Extended warranties are too expensive. Why are consumers so happy to buy them? ~ Brand Mix

Wednesday, November 25, 2009

Extended warranties are too expensive. Why are consumers so happy to buy them?

Photo: TVWall2 by justshufflingin (Flickr)

Did you know that extended warranties are often more profitable for retailers than the products the warranties are for? According to Business Week, profit margins on warranties are as high as 60% so they account for a disproportionate amount of retailer profits. (For Circuit City, before it went out of business, warranties apparently accounted for all of its profits.)

So it's clear why retailers try and power sell warranties. But why do we consumers continue to buy them and why are we prepared to pay a price so disconnected from the actual cost? We've been told for years that these things are a waste of money but we just don't listen.

Some insights into this question come from a new paper in the Journal of Consumer Research. The authors--Tao Chen, Ajay Kalra and Baohong Sun took a look at purchase data from an electronic retailer and they've concluded that the decision to buy a warranty depends a lot on the shopper's mood. Turns out that people are more likely to buy warranties on fun products (like flat screen TVs) than for functional products (like computers). The authors think that people buy warranties for the fun products because they care about them more and would feel a greater sense of loss if they broke and weren't covered. That means that the price we're prepared to pay for a warranty reflects our expected pleasure from the product purchased rather than from a rational assessment of whether it's likely to break or not, thus providing retailers their profit opportunity.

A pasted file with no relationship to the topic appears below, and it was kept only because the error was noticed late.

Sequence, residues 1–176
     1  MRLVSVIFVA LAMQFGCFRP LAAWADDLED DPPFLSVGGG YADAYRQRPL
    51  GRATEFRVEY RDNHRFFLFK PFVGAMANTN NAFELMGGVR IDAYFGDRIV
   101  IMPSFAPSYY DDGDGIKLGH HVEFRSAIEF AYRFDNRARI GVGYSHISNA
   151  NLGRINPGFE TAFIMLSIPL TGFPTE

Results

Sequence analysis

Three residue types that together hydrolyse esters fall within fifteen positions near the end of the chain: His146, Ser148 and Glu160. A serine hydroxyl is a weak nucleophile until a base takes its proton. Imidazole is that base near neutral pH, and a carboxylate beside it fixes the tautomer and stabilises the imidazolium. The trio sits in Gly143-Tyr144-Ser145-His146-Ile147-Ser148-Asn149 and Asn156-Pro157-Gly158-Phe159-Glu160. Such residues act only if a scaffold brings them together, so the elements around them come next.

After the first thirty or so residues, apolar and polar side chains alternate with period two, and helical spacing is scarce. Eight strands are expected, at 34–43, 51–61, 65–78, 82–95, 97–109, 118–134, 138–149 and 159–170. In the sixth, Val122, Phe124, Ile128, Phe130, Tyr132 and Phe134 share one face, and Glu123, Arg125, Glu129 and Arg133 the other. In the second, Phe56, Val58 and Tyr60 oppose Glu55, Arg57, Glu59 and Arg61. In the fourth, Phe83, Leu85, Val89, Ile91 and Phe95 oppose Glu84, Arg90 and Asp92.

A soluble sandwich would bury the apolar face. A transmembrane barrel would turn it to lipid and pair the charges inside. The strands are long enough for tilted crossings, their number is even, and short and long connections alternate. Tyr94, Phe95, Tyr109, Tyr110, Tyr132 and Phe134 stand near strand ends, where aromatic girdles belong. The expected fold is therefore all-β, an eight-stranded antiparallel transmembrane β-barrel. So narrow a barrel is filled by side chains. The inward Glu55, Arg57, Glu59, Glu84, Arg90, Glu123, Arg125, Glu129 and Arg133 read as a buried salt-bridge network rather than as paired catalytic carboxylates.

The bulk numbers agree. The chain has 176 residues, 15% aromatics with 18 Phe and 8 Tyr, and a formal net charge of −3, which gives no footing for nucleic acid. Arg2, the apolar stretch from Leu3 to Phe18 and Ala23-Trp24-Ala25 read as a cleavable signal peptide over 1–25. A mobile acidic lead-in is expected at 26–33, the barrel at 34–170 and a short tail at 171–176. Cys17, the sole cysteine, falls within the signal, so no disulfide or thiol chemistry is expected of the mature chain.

Any chance that retailers can wean themselves off these over-priced warranties? No. But they could and should do better and not exploit their customers failings. One way forward would be to add more value to warranties. The best example I could find is AppleCare. Rather than just a basic warranty coverage, Apple adds outstanding service and support from its experts. That adds value and it's a big hit with customers.

Meanwhile, when it comes to extended warranties, I'm just going to say "no," however happy I am with what I buy.


denise lee yohn said...

i agree, martin -- extended warranties are a missed opportunity to deliver more value to customers (vs. just playing off their emotions)

Manish Pajan said...

I am not sure that the researchers' premise, that consumers are more likely to go for warranty on a fun product, really holds. I live in India, and the anecdotal evidence here seems to suggest otherwise.

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